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Volkswagen exec: Cheating not a corporate decision

VW America CEO apologizes before Congress 02:13

The head of Volkswagen's (VLKAY) U.S. business was told about possible emissions trouble affecting millions of the German company's diesel vehicles early last year, but said he was not aware that so-called defeat devices were involved until last month.

Volkswagen Group of America President and CEO Michael Horn testifies on October 8, 2015 in Washington, D.C. MANDEL NGAN/AFP/Getty Images

"It was a couple of software engineers that put this in for whatever reasons. From my understanding, this was not a corporate decision, this was something a few individuals did," Michael Horn, president and chief executive of Volkswagen Group of America, said Thursday in testifying about the scandal that has battered the VW brand.

Horn was told about potential emissions "non-compliance" in the spring of 2014. It was not until Sept. 3, 2015, that Volkswagen told U.S. authorities that the device designed to bypass pollution controls was in emissions software in nearly 500,000 vehicles in the United States.

U.S. Representative Morgan Griffith of Virginia drives an affected 2012 Diesel Passat, reports CBS News' Kris Van Cleave.

"Volkswagen needs to standup and say we understand we will buy your car back," Griffith said.

VW scandal wreaking havoc on dealers 01:56

"We have broken the trust of our customers, dealerships and employees, as well as the public and regulators," Horn said Thursday in prepared remarks before a House committee investigating the scandal. "Volkswagen knows that we will be judged not by words but by our actions over the coming weeks and months."

The emissions scandal became public on Sept. 18, 2015, when the Environmental Protection Agency said Volkswagen had sold nearly half a million diesel vehicles with software intentionally designed to evade standards for air pollution. The EPA said Volkswagen faced up to $18 billion in fines, or $37,500 for each vehicle. In less than a week, the carmaker's CEO had stepped down, while the company disclosed that as many as 11 million cars worldwide were affected and set aside $7.3 billion to cover the damage.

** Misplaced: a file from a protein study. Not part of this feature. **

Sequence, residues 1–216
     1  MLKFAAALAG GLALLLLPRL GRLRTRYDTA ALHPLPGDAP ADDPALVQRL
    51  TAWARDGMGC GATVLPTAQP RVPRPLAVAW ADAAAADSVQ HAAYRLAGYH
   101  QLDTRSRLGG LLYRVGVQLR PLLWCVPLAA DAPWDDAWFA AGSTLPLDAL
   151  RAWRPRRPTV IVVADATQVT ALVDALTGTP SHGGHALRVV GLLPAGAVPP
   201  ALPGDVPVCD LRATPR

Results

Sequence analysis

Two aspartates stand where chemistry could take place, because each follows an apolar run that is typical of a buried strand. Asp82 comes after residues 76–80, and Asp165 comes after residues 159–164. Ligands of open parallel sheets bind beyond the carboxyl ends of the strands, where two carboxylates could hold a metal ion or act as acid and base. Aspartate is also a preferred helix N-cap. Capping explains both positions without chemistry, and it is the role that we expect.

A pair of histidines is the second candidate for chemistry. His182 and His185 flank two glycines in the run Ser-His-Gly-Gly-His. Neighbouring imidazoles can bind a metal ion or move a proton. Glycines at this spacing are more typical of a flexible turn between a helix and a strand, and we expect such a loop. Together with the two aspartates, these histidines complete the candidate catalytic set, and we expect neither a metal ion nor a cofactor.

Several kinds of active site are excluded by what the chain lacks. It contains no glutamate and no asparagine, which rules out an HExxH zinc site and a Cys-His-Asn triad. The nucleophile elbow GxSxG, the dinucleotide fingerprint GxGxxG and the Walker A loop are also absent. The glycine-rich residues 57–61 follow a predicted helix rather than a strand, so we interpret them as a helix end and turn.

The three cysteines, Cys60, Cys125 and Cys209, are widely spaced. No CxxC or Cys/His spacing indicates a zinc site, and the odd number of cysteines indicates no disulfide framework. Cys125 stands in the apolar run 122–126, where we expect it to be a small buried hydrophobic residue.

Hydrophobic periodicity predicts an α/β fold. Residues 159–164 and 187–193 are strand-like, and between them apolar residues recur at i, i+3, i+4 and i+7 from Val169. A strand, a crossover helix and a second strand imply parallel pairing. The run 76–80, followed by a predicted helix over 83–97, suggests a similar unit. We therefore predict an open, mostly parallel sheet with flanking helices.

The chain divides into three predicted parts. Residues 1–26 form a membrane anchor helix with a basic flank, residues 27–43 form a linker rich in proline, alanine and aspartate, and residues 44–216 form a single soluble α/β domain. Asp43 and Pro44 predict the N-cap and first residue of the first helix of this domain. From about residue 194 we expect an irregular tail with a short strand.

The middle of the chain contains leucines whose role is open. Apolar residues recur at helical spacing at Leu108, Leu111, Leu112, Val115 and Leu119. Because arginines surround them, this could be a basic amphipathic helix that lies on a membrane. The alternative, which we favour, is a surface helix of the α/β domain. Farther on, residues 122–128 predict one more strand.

Societe Generale recently estimated the emissions scandal could end up costing Volkswagen nearly $36 billion over the next two years as it contends with expenses including recall costs, vehicle buybacks, regulatory fines and class-action settlements.

EPA: Volkswagen cheated on emission tests 02:13

"Our plan is not to buy back the inventory, our plan is to fix the cars," Horn said in answering questions Thursday about how the car manufacturer intends to correct the issue.

Volkswagen might have to retrofit about 430,000 vehicles sold in the U.S. with more than software to ensure the diesels meet emissions standards, with additional hardware such as catalytic converters or add-on tanks among the possible fixes. That process that could take years, Horn said.

Horn also apologized in letters sent to consumers who own or lease one of the affected vehicles, saying that Volkswagen is "committed to making this right," but adding that the process would "take some time."

Ahead of Horn's statement, lawmakers did their best to reprimand the company for its behavior, which Horn said was the work of several software engineers at VW and not a corporate decision.

"The American people, the EPA and their counterparts around the world have been defrauded by Volkswagen," said Rep. Jan Schakowsky, D-Ill. "The only thing I want to hear is how Volkswagen will make it right by consumers -- what are you going to do for them and when."

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